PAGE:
I think that one of the main points of White’s argument on verse 37 is the Father giving people to the Son; is this unconditional election?


I don’t see enough evidence to suggest “unconditional” here; we’re simply not told the basis the Father sends certain people in the first place.

But the verb tense in Greek I believe does suggest that many of the actions must continue to take place in order for the reactions/rewards to apply:

John’s Gospel carries the theme that the Jews were rejecting the Messiah.
Consider John 12:
37 Though he had done so many signs before them, yet they did not believe in him; 38 it was that the word spoken by the prophet Isaiah might be fulfilled:
“Lord, who has believed our report,
and to whom has the arm of the Lord been revealed?”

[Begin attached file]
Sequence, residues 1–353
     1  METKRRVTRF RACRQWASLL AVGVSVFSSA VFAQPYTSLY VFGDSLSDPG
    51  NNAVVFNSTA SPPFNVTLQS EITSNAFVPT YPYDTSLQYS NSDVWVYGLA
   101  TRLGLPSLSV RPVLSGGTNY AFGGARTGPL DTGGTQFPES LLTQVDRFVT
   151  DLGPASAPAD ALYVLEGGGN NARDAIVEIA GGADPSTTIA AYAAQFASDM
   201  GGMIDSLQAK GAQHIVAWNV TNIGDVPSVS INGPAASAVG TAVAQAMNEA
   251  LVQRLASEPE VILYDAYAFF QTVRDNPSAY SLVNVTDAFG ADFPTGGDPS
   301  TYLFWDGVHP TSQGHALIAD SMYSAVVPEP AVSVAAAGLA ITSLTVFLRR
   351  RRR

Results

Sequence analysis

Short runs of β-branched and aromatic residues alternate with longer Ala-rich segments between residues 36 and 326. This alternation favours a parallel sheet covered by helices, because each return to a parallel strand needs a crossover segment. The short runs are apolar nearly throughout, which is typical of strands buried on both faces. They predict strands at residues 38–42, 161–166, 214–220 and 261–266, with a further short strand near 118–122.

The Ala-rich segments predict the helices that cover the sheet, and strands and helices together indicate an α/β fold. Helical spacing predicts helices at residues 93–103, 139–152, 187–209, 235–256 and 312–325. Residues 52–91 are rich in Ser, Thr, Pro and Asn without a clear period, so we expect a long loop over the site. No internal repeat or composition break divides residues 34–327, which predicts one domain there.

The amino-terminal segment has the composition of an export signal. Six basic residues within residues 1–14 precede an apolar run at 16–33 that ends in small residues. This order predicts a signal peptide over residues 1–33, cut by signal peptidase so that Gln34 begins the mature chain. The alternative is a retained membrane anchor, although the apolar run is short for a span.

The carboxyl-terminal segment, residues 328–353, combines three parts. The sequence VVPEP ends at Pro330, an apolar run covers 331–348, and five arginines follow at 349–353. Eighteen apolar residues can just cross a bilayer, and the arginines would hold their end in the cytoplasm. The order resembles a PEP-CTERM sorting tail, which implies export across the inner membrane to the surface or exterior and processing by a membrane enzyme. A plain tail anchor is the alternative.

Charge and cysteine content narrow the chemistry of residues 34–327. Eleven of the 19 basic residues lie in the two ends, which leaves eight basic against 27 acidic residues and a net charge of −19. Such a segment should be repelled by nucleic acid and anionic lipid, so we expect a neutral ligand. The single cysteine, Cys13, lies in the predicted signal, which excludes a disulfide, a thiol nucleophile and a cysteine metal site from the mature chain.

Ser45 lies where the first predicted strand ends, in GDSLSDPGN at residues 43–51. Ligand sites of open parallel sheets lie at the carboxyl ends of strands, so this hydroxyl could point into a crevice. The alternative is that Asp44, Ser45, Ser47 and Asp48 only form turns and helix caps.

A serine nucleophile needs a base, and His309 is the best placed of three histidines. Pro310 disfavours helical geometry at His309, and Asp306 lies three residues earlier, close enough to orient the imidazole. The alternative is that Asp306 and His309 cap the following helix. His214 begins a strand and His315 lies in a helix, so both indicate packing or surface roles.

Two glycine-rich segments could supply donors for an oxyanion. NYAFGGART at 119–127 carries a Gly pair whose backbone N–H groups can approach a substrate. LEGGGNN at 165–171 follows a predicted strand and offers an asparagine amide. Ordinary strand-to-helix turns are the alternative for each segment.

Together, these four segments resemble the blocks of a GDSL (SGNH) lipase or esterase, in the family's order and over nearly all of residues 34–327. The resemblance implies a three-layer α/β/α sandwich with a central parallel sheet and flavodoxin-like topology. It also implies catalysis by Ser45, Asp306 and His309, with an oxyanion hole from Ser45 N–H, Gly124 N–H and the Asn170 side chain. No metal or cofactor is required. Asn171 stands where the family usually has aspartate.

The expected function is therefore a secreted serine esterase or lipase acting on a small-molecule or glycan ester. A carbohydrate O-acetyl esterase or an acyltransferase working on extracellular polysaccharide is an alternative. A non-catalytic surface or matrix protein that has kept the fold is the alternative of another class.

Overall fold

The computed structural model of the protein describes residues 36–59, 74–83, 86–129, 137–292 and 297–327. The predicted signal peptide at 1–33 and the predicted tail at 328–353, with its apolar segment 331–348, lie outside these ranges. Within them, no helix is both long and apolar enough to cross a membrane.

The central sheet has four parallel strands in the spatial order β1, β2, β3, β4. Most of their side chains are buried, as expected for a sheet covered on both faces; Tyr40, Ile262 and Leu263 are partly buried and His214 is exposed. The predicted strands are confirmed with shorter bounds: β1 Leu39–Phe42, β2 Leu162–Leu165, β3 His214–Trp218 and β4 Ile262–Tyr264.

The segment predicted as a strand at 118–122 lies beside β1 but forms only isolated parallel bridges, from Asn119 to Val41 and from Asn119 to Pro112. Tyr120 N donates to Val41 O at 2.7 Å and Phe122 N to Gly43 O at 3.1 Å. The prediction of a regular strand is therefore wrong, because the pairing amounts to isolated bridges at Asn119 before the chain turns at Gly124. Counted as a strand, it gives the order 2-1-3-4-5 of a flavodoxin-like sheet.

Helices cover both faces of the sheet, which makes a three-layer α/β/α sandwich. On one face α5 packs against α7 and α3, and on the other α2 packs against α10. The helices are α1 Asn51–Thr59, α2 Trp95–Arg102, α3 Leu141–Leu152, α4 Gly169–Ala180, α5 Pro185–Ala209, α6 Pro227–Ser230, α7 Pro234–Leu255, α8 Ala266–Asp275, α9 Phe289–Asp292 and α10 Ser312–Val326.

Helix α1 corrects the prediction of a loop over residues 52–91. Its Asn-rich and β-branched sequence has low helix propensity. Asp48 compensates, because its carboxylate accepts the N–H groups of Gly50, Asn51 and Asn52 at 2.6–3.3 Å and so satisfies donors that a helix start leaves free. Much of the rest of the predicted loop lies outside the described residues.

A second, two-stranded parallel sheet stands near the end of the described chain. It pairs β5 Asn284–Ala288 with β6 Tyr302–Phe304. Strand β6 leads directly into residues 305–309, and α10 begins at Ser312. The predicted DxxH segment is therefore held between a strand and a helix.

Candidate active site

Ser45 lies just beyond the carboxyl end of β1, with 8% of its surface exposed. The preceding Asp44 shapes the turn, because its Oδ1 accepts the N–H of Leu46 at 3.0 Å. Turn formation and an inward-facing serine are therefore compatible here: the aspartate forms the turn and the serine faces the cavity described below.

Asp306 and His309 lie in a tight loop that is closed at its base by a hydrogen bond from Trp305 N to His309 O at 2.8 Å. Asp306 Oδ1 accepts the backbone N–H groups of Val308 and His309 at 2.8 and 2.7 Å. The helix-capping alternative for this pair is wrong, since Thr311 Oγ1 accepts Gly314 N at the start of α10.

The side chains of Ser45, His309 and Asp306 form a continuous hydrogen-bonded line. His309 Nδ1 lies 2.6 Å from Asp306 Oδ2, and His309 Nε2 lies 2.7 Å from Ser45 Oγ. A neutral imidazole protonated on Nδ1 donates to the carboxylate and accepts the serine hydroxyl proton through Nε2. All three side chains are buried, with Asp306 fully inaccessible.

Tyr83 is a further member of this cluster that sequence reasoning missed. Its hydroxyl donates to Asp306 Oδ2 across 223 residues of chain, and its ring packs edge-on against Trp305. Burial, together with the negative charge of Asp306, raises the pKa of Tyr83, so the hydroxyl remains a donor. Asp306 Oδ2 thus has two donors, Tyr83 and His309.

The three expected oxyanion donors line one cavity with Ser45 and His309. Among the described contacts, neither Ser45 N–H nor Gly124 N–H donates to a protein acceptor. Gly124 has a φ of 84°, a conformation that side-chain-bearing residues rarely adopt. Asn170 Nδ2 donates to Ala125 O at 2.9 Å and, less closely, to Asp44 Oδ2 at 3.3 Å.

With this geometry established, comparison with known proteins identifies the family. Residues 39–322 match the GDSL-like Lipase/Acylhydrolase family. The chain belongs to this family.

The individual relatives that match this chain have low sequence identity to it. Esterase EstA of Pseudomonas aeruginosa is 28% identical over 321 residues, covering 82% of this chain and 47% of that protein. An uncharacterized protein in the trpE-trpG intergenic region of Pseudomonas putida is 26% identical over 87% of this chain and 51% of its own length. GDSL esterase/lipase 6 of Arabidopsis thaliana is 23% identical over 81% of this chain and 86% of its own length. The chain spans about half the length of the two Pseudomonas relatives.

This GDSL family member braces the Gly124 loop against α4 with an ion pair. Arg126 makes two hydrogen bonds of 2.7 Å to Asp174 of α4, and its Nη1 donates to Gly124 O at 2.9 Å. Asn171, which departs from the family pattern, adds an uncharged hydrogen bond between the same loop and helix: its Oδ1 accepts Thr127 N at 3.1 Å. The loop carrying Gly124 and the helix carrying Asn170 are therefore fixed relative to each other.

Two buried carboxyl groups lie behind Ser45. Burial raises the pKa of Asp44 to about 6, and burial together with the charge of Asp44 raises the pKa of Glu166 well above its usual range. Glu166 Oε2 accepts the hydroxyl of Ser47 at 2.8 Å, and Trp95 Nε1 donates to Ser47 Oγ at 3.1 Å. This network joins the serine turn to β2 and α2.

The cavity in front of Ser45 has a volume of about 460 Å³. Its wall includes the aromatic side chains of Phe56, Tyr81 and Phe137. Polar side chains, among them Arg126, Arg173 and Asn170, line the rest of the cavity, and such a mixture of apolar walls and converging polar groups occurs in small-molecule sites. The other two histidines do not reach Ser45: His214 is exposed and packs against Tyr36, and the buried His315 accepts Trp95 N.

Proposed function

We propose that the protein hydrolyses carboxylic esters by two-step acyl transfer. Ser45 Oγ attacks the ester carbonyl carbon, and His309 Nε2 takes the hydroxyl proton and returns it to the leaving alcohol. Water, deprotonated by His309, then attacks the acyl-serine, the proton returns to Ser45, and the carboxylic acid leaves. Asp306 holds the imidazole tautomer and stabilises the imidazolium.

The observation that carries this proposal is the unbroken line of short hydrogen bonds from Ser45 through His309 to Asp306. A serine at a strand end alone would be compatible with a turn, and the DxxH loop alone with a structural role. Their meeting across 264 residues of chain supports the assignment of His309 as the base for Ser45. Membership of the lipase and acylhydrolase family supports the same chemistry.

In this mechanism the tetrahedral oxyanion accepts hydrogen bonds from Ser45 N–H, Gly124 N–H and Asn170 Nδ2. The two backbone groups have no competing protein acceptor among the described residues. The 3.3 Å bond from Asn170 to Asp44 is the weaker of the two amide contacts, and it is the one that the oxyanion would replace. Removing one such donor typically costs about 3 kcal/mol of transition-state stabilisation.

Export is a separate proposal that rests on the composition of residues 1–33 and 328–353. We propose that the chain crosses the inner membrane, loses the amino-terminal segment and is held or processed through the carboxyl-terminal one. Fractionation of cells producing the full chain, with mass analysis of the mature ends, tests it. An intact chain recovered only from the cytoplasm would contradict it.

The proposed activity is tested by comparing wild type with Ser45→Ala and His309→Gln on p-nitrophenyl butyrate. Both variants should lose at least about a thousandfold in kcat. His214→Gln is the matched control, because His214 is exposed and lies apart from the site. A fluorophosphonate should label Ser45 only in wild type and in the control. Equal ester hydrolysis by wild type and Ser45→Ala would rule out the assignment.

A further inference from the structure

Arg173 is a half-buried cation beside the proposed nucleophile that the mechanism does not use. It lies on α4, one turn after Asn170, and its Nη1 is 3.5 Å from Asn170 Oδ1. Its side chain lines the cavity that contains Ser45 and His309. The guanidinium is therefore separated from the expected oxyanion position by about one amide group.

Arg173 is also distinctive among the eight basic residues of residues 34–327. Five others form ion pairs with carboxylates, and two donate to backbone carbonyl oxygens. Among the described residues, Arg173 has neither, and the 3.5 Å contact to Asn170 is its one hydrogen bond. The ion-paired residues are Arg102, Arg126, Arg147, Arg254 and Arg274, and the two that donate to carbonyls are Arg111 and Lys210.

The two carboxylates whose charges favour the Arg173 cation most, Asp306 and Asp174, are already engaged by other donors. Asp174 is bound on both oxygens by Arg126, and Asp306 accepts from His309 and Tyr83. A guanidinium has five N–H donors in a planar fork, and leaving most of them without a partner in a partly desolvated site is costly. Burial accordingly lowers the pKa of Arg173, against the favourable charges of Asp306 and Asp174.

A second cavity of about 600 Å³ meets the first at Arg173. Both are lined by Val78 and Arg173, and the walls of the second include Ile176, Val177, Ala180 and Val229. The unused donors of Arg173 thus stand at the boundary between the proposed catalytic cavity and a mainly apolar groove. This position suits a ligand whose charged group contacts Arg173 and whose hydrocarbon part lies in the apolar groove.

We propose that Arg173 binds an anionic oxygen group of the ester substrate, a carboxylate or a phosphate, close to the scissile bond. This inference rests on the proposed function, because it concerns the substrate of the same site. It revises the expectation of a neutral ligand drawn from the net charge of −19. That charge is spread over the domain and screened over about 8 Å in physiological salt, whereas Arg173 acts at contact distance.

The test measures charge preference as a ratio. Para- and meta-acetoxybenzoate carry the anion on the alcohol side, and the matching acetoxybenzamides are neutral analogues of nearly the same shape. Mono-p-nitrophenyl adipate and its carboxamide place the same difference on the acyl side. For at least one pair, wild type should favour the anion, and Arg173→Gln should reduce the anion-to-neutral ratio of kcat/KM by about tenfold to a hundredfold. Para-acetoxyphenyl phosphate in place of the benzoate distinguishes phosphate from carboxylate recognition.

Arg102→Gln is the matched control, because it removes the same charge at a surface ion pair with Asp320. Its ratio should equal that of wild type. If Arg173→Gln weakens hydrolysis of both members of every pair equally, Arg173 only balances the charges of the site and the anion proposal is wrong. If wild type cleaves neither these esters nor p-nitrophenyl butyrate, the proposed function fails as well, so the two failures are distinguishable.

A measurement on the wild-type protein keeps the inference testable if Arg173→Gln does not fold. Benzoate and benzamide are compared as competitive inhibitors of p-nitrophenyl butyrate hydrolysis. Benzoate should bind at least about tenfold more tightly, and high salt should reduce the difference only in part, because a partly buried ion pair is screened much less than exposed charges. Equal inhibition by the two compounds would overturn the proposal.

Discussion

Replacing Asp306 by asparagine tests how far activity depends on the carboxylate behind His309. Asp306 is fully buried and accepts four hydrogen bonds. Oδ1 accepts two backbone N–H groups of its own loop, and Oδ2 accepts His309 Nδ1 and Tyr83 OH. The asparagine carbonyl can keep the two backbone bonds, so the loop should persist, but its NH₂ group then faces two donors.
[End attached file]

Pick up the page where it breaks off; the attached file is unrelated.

39 Therefore they could not believe. For Isaiah again said,
40 “He has blinded their eyes and hardened their heart,
lest they should see with their eyes and perceive with their heart,
and turn for me to heal them.”

41 Isaiah said this because he saw his glory and spoke of him. 42 Nevertheless many even of the authorities believed in him, but for fear of the Pharisees they did not confess it, lest they should be put out of the synagogue: 43 for they loved the praise of men more than the praise of God.
The blinding of the Jews in John’s Gospel is largely tied to a punishment for their history of refusing to believe/repent. And yet verse 12:42 says many did end up believing in Jesus, but they were afraid to publicly profess Jesus. A Calvinist like James White can only conclude the belief in 12:42 is fake belief, but that’s reading an assumption into the text. The belief here is described as genuine, and yet clearly it wasn’t enough for them to be saved.

What is also ironic is that White would use John 6 as a testament to limited salvation, and yet he rejects the apex of the chapter which is Jesus calling those with real faith to partake in the Eucharist. It seems White has just as hard of a time believing as the disbelieving Jews in John 6.